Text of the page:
Software bugs put nearly 100 million health records at risk of exposure
The multitude of vulnerabilities – since fixed – were found without the use of automated testing tools
A team of seven researchers have discovered more than 20 security vulnerabilities in OpenEMR, an open source application used worldwide for the electronic management of medical records of nearly 100 million people.
In keeping with the principles of responsible disclosure, Project Insecurity researchers informed OpenEMR developers of security vulnerabilities well in advance before releasing their findings. This allowed the developers to release an update on July 20 to 220.127.116.11 that fixes the bugs. The team’s findings are detailed in this vulnerability report, describing the flaws in the previous version of the software (18.104.22.168).
Interestingly, the researchers did not rely on any automated testing tools to identify the security vulnerabilities, most of which were deemed to be serious. âThe vulnerabilities disclosed in this report were discovered by manually examining the source code and modifying the requests with Burp Suite Community Edition, no automated scanners or source code analysis tools were used,â they wrote.
More importantly, among the bugs was one that made it easy to bypass Patient Portal authentication. âAn unauthenticated user can bypass the patient portal login by simply going to the registration page and changing the requested URL to the desired page,â the report read.
Speaking to DataBreaches.net, the head of the company’s red team, Cody Zacharias, said, âThe authentication bypass vulnerability was the most significant vulnerability discovered by our team, because not only does it open the web application to SQL injection, but it also gives the attacker the ability to view and tamper with a person’s records affecting both the confidentiality and integrity of the DME.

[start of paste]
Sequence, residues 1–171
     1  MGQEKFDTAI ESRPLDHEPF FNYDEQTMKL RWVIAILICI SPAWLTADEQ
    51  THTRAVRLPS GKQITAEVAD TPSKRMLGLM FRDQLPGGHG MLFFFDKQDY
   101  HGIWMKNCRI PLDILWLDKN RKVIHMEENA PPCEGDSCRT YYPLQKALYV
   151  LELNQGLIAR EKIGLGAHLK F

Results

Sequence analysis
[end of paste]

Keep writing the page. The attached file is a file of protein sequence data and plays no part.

Additionally, the team discovered a host of remote code execution flaws and multiple instances of SQL injection vulnerabilities. OpenEMR was also left open to attacks through arbitrary read, write, and delete vulnerabilities, unrestricted file download vulnerability, as well as several cross-site request tampering bugs that allowed execution of remote code.
Project Insecurity CEO Matt Telfer told DataBreaches.net why they chose to look at the OpenEMR code: from the regular processing of medical records to their electronic processing and security implications, so we decided to look at the EMR / EHR systems. After some research on Google, we found that OpenEMR was the most widely deployed open source electronic medical record application on the Internet. And the fact that it was open source meant we could test it without any negative legal implications. “
Meanwhile, OpenEMR.org CEO Brady G. Miller expressed appreciation for Project Insecurity’s initiative: âThe OpenEMR community is very grateful to Project Insecurity for its report, which has led to improved security. of OpenEMR. Responsible reporting of security vulnerabilities is an invaluable asset for OpenEMR and all open source projects.
Needless to say, healthcare facilities that use OpenEMR are well advised to update their systems if they haven’t already.